The first room is mostly occupied by Irish artist Nevan Lahart (b. 1973) – with his large, almost naïve, installations. They are constructed on a foundation of political and social issues, but they have an arguably humorous, yet analytical, undertone. The only problem I have with these installations is that they look awful with their paper-maché-like construction. They aren’t built to last; or maybe that is the impression we're supposed to get?

On temporarily-erected walls, we find Nabil Boutros (b.1954), with his photographic series The Egyptians (2010/11). It consists of the portraits of 25 Egyptian men from different backgrounds. But actually, they are all one and the same person: Nabil Boutros, in disguise. He plays on the mentality of stereotyping.


Comic strip by Liv Strömquist 

Another wall shows a comic strip by Liv Strömquist (b.1978), End Extreme Wealth, which is about a lecture being presented to people who work on how to reduce extreme wealth – by educating the super-rich on how to get rid of their bad habits and stop accumulating capital. This piece was recently made for The Knife’s new album. What I really like about this piece is the fact that it’s a comic strip; how often do you see that in a “proper art exhibition”?

The next floor is dedicated to feminism, or it seems to be. This is probably an oversimplification on my part. On a pink wall, we have posters about discrimination against women in the art world, as created by the legendary Guerrilla Girls (est. 1985). This group of artists, activists and feminists draws up work-based listings of statistics on male-to-female ratios in art institutions. Besides making posters, they also make books and stage protests, often with confrontational gestures.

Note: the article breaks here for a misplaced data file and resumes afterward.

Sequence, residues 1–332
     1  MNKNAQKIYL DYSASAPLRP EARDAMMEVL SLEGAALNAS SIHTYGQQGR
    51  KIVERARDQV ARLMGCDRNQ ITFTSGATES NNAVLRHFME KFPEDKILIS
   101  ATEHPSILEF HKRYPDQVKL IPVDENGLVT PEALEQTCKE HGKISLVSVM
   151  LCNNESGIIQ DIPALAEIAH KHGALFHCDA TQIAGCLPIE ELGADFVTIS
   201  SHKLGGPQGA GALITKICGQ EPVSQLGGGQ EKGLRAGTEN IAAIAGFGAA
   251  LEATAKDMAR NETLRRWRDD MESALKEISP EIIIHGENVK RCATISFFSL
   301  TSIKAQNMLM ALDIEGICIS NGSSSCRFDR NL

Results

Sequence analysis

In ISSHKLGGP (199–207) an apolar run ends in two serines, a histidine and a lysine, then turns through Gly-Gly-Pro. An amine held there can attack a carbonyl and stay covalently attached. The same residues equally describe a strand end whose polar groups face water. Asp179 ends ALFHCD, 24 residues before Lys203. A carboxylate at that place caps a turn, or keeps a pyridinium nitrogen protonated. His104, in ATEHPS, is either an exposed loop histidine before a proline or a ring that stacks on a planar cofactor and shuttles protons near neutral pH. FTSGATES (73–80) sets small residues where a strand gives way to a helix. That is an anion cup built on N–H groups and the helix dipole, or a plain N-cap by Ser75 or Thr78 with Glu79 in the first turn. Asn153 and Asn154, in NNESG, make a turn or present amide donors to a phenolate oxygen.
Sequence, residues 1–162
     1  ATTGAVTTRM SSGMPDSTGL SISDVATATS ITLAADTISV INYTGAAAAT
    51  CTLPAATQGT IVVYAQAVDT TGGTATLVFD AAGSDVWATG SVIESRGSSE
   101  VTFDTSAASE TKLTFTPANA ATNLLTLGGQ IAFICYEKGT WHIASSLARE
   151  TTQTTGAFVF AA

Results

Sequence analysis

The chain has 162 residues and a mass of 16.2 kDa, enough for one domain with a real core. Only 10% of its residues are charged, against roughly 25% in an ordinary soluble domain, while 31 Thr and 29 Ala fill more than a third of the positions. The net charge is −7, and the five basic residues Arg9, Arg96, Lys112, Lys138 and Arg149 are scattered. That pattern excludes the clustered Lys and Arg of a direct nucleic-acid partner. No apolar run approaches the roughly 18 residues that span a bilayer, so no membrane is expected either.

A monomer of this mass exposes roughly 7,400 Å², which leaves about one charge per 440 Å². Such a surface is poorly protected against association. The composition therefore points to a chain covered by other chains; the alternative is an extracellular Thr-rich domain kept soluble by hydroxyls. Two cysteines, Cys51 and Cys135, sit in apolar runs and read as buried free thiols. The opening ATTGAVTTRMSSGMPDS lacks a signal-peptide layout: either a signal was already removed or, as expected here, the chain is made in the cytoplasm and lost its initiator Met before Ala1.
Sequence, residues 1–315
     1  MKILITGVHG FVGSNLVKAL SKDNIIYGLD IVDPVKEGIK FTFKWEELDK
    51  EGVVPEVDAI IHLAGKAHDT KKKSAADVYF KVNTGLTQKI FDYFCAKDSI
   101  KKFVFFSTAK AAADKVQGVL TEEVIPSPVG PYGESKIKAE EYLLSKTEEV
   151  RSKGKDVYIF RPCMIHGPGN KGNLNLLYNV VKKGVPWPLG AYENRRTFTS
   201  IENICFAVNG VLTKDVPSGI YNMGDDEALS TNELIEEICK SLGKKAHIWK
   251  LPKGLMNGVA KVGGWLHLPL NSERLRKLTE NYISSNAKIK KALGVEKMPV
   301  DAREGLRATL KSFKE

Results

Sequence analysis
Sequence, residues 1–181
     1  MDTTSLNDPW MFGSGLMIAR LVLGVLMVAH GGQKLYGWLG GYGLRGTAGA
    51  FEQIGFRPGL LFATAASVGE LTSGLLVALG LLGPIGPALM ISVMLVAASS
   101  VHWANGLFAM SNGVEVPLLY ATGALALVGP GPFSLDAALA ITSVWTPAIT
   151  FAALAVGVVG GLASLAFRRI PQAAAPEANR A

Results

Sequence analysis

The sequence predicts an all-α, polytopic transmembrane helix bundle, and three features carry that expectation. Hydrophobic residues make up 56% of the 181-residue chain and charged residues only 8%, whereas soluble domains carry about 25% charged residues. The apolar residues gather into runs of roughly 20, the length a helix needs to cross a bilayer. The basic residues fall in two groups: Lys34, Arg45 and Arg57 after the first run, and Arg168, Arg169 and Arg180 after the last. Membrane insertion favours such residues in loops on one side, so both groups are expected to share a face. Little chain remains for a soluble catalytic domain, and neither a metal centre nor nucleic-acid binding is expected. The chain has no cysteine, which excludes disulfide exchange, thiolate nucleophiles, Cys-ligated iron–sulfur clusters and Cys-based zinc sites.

Tala Madani (b.1981) takes up a part of the other side of the room – with her paintings and films of fat and bearded middle-aged men, in all of their stereotypical valor.


Wooloo.  We need you now (more than ever). 2012

On the top floor, we meet Danish duo Wooloo (est. 2002), which consists of Martin Rosengaard and Sixten Kai Nielsen. Their video piece, We need you now (more than ever) (2012), is a charity music video on behalf of Europe's dire economical state. The format was inspired by initiatives such as the charity “Band Aid’s” anti-poverty efforts in 1984. In it, Wooloo pleads to the Catholic Church to bail-out Europe from the economic crisis.


Tala Madani paintings

After a run-through of the exhibition, we were led by Stobeés Trädgård to a tunnel that's just a short walk from Röda Sten. There, one can hear a sound piece and performance by Roberto Paci Daló. He plays the clarinet and the audience stands around him, listening. It’s here that everything becomes interesting. During the performance, we stood there in a cluster – taking in the art, so to speak. The tunnel, on the other hand, is part of the real world, and the real world wants to pass through the tunnel and get to the other side. A drunk man came in and just wanted to pass; we made room for him, but no one expected him to stay. Then other people came – on their way to work (?), or also, just to walk through the tunnel. It created such a strange division: the art world meets the real world; and art is always in the way.

www.gibca.se